The discussion over longevity pay was more lengthy and wide-ranging. The town currently pays employees, including the non-union department heads, longevity bonuses based on their years of service to the town. They range from 3.5% of someone’s salary for four years of service, to 7.5% for 15-plus years of service. They are paid in lump sums (in two separate payments) and are in addition to the salary for the job.

Ms. Parella felt Bristol’s are rather generous, but councilors did not spend much time debating that. They focused more on why they exist in the first place.

Town Treasurer Julie Goucher said, “You’re rewarding them for their years of service to the town, where they have much more knowledge and experience than newer employees, and there’s value to that. Unlike private sector employments, we don’t have merit increases or Christmas bonuses.”

Mr. Contente added that a recent survey of municipal town governments showed Bristol’s longevity pay structure is “right in the middle.”

Clerk shares concerns

The tougher questions revolved around when longevity tracking begins and ends. In the case of the two office-holders, they both worked for the town before being elected to office. Mr. Contente retired after 20 years in the police department. Town Clerk Melissa Cordeiro was a 14-year employee when she was elected last fall. Mr. Contente has declined longevity pay, but Ms. Cordeiro is scheduled to get a longevity bonus this month. Councilors debated whether the longevity tracking should follow someone from their role as a member of the union into their role as an elected leader.

Ms. Cordeiro had a lot to say about the council potentially taking away something that was in place when she made the decision to run for office. “When I first ran for this position, I had no idea or would ever believe that the council would ever change the type of compensation that I had, mainly because it’s been in place for decades,” Ms. Cordeiro said. “I’ve been here for 14 years, and when I came into this position, I was under the assumption that my time would be valued just as much as anybody else who sat in this position before me.”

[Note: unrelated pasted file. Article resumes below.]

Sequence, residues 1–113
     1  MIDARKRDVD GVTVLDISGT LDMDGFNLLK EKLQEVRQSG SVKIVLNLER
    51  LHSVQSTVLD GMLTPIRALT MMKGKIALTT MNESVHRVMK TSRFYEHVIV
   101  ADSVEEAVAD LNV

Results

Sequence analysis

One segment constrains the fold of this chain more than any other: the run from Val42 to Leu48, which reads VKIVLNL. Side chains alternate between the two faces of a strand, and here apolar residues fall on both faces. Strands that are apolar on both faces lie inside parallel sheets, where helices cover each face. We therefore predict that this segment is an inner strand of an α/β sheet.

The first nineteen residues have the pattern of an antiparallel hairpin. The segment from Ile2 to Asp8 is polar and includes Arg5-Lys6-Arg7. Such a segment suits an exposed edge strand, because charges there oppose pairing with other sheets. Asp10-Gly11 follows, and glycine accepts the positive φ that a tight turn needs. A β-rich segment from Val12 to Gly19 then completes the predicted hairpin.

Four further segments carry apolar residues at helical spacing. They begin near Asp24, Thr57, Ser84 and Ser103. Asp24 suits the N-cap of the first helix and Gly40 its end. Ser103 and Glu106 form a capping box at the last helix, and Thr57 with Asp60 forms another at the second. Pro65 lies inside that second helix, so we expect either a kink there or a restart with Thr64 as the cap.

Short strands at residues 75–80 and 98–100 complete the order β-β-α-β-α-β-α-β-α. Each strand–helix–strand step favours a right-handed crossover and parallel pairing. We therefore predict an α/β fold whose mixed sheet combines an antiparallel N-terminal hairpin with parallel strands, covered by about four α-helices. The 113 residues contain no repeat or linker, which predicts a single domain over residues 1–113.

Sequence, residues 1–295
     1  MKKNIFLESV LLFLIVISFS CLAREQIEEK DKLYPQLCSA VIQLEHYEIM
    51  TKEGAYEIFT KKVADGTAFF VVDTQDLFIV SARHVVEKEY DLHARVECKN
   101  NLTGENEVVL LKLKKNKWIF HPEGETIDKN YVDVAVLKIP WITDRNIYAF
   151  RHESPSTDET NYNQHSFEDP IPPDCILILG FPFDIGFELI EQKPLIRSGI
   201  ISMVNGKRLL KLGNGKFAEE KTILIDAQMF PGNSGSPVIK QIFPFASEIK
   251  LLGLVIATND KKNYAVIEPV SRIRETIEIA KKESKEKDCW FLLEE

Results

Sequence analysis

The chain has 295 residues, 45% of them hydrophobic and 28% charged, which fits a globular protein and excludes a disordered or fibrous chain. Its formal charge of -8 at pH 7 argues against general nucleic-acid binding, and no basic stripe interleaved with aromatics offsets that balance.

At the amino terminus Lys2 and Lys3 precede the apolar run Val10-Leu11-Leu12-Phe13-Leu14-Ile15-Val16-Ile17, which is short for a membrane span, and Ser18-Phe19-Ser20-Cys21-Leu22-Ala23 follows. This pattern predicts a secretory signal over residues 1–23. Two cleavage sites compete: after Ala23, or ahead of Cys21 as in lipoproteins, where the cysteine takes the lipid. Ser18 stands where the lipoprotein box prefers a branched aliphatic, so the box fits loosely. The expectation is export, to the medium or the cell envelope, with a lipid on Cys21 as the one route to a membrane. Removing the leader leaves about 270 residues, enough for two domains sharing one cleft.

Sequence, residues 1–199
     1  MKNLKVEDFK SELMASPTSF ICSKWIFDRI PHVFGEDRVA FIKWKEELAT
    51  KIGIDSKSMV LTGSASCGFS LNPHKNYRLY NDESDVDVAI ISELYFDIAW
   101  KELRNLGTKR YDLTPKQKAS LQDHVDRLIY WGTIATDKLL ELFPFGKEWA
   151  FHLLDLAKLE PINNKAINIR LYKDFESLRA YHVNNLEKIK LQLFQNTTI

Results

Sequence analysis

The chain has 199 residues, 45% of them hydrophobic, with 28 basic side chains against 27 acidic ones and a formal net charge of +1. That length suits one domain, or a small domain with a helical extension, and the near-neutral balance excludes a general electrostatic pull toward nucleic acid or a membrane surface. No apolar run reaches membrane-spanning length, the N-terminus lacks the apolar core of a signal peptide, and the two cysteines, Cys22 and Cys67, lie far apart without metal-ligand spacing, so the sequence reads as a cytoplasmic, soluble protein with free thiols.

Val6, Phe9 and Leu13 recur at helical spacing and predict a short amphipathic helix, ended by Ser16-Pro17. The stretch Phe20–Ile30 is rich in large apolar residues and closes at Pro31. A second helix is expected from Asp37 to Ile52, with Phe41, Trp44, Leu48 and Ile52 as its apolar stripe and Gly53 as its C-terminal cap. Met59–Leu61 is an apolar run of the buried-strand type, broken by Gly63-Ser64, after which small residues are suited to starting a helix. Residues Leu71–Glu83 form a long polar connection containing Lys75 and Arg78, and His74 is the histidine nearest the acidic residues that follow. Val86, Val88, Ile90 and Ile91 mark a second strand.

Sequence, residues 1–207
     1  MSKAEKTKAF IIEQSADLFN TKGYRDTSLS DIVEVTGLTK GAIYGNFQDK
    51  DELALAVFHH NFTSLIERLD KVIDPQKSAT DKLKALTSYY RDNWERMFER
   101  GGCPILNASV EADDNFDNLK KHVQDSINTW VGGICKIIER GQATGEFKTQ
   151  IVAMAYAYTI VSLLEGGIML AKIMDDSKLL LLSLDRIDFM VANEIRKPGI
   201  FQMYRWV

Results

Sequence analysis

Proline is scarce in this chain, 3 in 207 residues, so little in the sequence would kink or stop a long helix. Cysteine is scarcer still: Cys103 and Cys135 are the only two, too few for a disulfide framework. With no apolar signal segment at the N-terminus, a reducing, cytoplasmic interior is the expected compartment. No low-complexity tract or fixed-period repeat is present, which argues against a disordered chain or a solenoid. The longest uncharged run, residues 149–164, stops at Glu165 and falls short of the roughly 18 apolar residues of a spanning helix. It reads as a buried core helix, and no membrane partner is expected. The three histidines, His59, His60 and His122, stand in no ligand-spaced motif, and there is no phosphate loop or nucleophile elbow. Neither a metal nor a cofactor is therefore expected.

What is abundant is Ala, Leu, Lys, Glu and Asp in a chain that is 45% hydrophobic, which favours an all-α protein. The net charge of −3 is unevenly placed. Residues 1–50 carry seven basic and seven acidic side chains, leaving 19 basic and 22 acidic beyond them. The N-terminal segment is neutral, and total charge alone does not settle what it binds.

Ms. Cordeiro said that one of her predecessors, Diane Mederos, accumulated years of service as town clerk and then transferred that over to her role as town administrator. Ms. Cordeiro warned councilors that if they take some of these things away, “you’re actually offering them less of a compensation than anybody else who works for the town, so they’re actually being treated differently than the other employees.”

Mr. Contente chimed in with a slightly different view. Calling his administrator’s salary “more than fair,” he said, “This is a privilege, being in elected office, and it is quite different from being in the union.” He suggested that the person in the highest position does not always have to command the highest salary — “Some hospital administrators make less than the surgeons,” he said.

The timing of changes?

Councilors also debated the timing of any policies. Some believed changes should take effect for the next cycle of elected offices — December of 2022. Ms. Parella argued that they should take effect after the current office-holders are no longer in office.

“I don’t think we should change the rules until there’s a different clerk,” Ms. Parella said. “If you do it now, you’re changing the person’s salary.”

The council agreed to continue the discussion a month from now, during its second July meeting. They expect their legal counsel will prepare a detailed analysis on municipal compensation packages.

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Scott Pickering

Scott Pickering has been on the East Bay Newspapers team for more than two decades, since starting as a reporter for the Sakonnet Times. He's been editor of most of the papers, was Managing Editor of all the papers for many years, and became General Manager in 2012. Today he can be found posting to, steering news coverage, writing editorials, talking to readers, working with the sales team, collaborating on design, or helping do whatever it takes to get the papers out the door. Reach him at